Next up was Raina Telgemeier’s Ghosts, a graphics novel to steer us into safer territory, since I don’t really read scary books.

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Many students had read Telgemeier’s other books and that was enough of a recommendation.

On Wednesday, I told them about My Zombie Hamster, by Havelock McCreely. Zombies and humor seem a perfect combination for sixth graders.

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Thursday, I told them about a new one in our classroom library, The Accidental Afterlife of Thomas Marsden by Emma Trevayne. This book gave me a chance to explain a little of the history of grave robbers.

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The last book I told them about was one of this year’s OBOB books: Zombie Baseball Beatdown  by Paolo Bacigalupi.

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I’m not yet sure what I will book talk today. I think I will decide once I am in my classroom. I will take a few minutes to leaf through the book bins and choose the 5 books of the week.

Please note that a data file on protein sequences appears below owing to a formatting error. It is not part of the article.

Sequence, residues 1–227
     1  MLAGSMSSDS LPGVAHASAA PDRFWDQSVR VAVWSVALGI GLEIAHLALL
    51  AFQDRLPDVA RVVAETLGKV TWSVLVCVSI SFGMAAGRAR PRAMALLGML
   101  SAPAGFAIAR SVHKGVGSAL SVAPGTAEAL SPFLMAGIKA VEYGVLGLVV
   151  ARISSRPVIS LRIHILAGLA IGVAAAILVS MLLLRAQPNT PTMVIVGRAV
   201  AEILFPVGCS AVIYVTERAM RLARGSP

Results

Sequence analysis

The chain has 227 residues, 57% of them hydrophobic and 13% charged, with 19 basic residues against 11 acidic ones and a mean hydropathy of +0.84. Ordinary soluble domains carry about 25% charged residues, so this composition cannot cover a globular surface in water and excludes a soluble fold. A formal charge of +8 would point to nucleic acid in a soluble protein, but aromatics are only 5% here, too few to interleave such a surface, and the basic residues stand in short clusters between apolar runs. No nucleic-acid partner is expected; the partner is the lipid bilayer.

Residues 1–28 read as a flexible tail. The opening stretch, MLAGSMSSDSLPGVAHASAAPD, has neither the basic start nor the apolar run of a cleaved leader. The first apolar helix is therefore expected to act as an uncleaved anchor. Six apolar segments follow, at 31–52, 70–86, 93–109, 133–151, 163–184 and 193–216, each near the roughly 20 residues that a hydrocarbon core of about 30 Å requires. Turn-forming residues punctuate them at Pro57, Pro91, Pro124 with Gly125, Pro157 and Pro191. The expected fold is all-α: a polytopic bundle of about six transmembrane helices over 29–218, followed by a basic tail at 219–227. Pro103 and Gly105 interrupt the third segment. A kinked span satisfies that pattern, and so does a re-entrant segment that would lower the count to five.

Why we read

2 Oct

In 2013, Neil Gaiman delivered a speech entitled “Why Our Future Depends on Libraries, Reading and Daydreaming” to The Reading Agency in London. You can watch the speech on Youtube,  listen watch and read the text on The Reading Agency’s website, or simply hold the text in your hands and read it, along with many other essays, in Gaiman’s recent collection of essays, The View From the Cheap Seats. 

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I highly recommend that you make the effort to see what Gaiman has t say on this topic. You will nod your head in agreement because, if you read this blog, you are a reader.

Oliver Jeffers and Sam Winston clearly believe in the same power of books and reading. His new picture boo, A Child of Books,  says the same thing as Gaiman, though in simpler language.